Navigation Links
Dolphin hearing system component found in insects
Date:12/13/2012

A hearing system component thought to be unique in toothed whales like dolphins has been discovered in insects, following research involving the University of Strathclyde.

The research is challenging ideas about how a large group of insects including crickets and katydids hear, revealing the unexpected similarity to toothed whale hearing.

Scientists from the School of Biological Sciences at The University of Auckland, with colleagues from Plant & Food Research in New Zealand, led the research with engineers from the University of Strathclyde working on the biomechanical aspects of the project.

They discovered that the iconic New Zealand insect, the weta, rely on a unique lipid a compound that includes oils and fats to hear the world around them.

Dr James Windmill, of the University of Strathclyde's Centre for Ultrasonic Engineering, said: "As engineers we are particularly interested in how sound interacts with certain materials and how it travels to and from a source. These findings help us to improve our fundamental knowledge and could inspire new systems in ultrasound technologies like biomedical and non-destructive testing.

"The discovery is interesting as previously only toothed whales were known to use this hearing system component, the lipid. There are many similarities in the use of lipids to amplify the sounds and help both animal groups to hear.

"We don't know why animals who are so far apart in evolutionary terms have this similarity, but it opens up the possibility that others may use the same system component."

The sound is known to be transmitted through a liquid-filled cavity to reach the hearing organs, but until the current research was carried out it was presumed that the liquid was simply the insect equivalent of blood.

The researchers found that it was in fact a lipid of a new chemical class. They believe the role of the lipid is to efficiently transmit sound between compartments of the ear, and perhaps to help amplify quiet sounds.

Dr Kate Lomas from the University of Auckland, said: "In the weta, as in other members of the Ensiferan group which includes katydids and crickets, sound is detected by ear drums on the front legs."

Using new tissue analysis and three-dimensional imaging techniques the scientists also discovered a tiny organ in the insects' ears, which they named the olivarius after Dr Lomas' son Ollie. The organ appears to be responsible for producing the all-important lipid.

It may have been overlooked in previous studies because standard analytical techniques, which are much harsher, would have damaged or destroyed the fragile tissue.

Dr Lomas added: "The ear is surprisingly delicate so we had to modify how we looked at its structure and in doing so we discovered this tiny organ."

The researchers carried out their work with the Auckland tree weta. They believe that the same method of hearing is likely to be used by other members of its biologic class, including crickets and katydids, which are famous for the sounds they produce.


'/>"/>

Contact: John Beaton
john.beaton@strath.ac.uk
44-141-548-2924
University of Strathclyde
Source:Eurekalert

Related biology news :

1. Eating right key to survival of whales and dolphins: UBC research
2. New maps may reduce tourism impacts on Hawaiian dolphins
3. Study points to causes of high dolphin deaths in Gulf of Mexico
4. Do dolphins think nonlinearly?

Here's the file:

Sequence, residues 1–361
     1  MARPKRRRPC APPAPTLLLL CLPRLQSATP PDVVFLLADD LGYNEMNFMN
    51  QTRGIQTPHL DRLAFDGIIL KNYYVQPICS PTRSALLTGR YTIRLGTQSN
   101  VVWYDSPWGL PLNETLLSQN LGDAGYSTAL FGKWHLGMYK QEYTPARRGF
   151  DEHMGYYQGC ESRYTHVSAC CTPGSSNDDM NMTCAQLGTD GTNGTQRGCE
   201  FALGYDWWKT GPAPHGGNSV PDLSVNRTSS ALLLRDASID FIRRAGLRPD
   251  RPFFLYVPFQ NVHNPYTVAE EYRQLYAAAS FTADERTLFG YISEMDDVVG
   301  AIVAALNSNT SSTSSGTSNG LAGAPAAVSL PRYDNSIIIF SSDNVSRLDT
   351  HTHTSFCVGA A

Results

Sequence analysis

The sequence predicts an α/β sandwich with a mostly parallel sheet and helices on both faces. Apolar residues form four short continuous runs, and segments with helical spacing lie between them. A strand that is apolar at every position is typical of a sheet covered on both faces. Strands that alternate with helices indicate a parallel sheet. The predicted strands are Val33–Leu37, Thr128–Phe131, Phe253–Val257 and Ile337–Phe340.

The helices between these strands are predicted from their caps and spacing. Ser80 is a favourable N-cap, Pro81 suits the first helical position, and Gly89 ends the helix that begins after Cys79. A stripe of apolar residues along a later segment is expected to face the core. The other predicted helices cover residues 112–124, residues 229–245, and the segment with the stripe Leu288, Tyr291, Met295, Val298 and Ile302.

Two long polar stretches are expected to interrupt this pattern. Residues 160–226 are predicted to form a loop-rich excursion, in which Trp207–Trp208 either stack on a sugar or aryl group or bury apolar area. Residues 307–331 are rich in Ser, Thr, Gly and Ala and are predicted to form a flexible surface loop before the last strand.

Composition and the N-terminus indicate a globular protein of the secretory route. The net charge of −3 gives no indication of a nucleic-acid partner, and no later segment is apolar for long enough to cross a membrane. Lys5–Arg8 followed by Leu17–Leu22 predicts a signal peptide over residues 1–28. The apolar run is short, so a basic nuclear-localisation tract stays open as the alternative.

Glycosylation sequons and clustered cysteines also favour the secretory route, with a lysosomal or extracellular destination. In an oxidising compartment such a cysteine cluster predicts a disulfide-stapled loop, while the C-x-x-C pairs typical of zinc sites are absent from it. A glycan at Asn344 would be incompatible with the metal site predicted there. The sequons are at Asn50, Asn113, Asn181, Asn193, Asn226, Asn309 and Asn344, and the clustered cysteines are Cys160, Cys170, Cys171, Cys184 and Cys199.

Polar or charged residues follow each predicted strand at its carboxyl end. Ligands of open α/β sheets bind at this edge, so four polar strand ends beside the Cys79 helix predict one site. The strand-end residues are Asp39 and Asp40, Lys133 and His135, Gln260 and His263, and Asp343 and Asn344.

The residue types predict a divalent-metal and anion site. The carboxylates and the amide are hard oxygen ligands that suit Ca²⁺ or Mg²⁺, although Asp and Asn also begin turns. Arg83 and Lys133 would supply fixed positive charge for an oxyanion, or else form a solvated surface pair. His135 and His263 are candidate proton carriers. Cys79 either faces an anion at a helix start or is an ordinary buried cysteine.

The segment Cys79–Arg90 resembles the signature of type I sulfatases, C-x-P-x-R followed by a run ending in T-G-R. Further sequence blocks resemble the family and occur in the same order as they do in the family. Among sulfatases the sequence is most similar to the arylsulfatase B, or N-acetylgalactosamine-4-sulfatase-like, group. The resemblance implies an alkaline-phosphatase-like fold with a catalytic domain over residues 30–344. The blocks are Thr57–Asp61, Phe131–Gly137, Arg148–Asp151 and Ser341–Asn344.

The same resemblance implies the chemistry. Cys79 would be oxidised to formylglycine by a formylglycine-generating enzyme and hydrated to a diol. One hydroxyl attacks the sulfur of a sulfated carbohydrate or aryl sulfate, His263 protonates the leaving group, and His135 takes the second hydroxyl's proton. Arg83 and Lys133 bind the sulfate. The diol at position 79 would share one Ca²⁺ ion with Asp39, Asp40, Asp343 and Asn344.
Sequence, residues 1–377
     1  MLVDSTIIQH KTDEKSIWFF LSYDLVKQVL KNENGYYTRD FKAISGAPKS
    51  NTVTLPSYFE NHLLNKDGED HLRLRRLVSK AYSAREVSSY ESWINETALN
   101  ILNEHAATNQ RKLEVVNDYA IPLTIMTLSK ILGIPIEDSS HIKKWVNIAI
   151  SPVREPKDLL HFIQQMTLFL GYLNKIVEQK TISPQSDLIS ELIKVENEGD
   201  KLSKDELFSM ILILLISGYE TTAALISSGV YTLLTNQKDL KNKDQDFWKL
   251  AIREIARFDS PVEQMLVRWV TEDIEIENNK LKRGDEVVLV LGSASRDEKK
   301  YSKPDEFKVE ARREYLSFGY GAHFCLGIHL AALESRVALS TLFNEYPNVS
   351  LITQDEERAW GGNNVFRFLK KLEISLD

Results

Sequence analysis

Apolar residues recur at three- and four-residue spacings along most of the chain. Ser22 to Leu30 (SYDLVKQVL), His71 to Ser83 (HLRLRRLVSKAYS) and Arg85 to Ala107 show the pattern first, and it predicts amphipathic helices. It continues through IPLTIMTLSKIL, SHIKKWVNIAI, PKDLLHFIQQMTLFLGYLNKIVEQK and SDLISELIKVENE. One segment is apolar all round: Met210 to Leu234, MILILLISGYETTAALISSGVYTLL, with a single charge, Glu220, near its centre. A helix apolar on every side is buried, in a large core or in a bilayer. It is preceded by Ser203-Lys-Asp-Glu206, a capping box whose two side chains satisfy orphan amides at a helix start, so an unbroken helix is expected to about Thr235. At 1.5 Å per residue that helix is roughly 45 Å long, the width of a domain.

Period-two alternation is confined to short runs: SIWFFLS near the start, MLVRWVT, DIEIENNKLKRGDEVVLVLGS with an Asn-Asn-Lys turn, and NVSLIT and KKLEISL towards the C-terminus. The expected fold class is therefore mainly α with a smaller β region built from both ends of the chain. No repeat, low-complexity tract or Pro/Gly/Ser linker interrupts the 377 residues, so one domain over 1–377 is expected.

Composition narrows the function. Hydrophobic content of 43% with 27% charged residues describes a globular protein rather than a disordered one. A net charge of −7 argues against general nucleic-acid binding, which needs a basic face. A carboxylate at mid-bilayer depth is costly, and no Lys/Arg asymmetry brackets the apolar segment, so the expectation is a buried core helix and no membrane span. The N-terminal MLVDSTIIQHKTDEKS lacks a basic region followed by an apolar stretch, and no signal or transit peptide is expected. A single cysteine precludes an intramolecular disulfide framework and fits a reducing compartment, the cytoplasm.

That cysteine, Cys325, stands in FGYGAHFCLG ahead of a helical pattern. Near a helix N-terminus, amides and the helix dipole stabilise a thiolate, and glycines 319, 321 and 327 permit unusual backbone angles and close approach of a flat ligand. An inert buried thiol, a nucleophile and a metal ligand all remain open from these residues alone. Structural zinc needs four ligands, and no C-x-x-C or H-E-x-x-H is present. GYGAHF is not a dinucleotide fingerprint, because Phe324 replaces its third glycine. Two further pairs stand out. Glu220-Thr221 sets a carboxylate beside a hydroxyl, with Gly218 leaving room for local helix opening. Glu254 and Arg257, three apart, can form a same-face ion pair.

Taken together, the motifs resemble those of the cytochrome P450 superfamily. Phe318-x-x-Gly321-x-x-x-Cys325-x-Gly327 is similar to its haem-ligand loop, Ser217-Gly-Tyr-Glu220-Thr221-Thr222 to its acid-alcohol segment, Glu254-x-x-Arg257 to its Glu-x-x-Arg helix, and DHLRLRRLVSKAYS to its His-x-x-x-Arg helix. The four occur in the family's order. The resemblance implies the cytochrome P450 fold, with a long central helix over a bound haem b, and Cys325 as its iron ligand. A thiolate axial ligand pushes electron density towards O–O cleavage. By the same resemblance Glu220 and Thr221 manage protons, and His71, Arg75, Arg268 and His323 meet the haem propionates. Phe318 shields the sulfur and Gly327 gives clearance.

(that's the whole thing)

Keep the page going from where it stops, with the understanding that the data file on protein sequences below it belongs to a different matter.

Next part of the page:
5. Mercury in dolphins: Study compares toxin levels in captive and wild sea mammals
6. Dolphins cultivate loose alliances
7. Size matters: Large Marine Protected Areas work for dolphins
8. USF researchers identify gene mutation linked to old age hearing loss
9. Hearing the telltale sounds of dangerous chemicals
10. Cichlid fish: How does the swim bladder affect hearing?
11. Study of zebra fish mouth formation may speak to Fraser syndrome hearing loss
Post Your Comments:
*Name:
*Comment:
*Email:
(Date:4/11/2017)... PALM BEACH GARDENS, Fla. , April 11, ... biometric identity management and secure authentication solutions, today ... million contract by Intelligence Advanced Research Projects Activity ... technologies for IARPA,s Thor program. "Innovation ... the onset and IARPA,s Thor program will allow ...
(Date:4/5/2017)... 5, 2017  The Allen Institute for Cell Science ... a one-of-a-kind portal and dynamic digital window into the ... the first application of deep learning to create predictive ... lines and a growing suite of powerful tools. The ... and future publicly available resources created and shared by ...
(Date:3/30/2017)... LOS ANGELES , March 30, 2017  On ... Hack the Genome hackathon at ... This exciting two-day competition will focus on developing health ... experience. Hack the Genome is ... has been tremendous. The world,s largest companies in the ...
Breaking Biology News(10 mins):
(Date:6/26/2017)... (PRWEB) , ... June 26, 2017 , ... The ... use of health IT to create efficiencies in healthcare information exchange and a statutory ... W. Rucker, MD, head of the federal Office of the National Coordinator for Health ...
(Date:6/23/2017)... ... June 23, 2017 , ... ... redesigned, easier-to-navigate website for all six of their healthcare job boards. As ... pharmacists, physical and occupational therapists, and biotechnicians, DocCafe.com and the MedJobCafe.com Health ...
(Date:6/22/2017)... , ... June 22, 2017 , ... ... over the allergy specialists DST Diagnostische Systeme & Technologien GmbH, thereby expanding its ... someone who suffers from hay fever, urticaria, asthma, atopic eczema or a food ...
(Date:6/22/2017)... MD (PRWEB) , ... June 22, 2017 , ... ... solutions provider, announced the release of Limfinity® version 6.5, a content-packed update to ... framework continue to gain a larger and more diverse base of customers among ...
Breaking Biology Technology: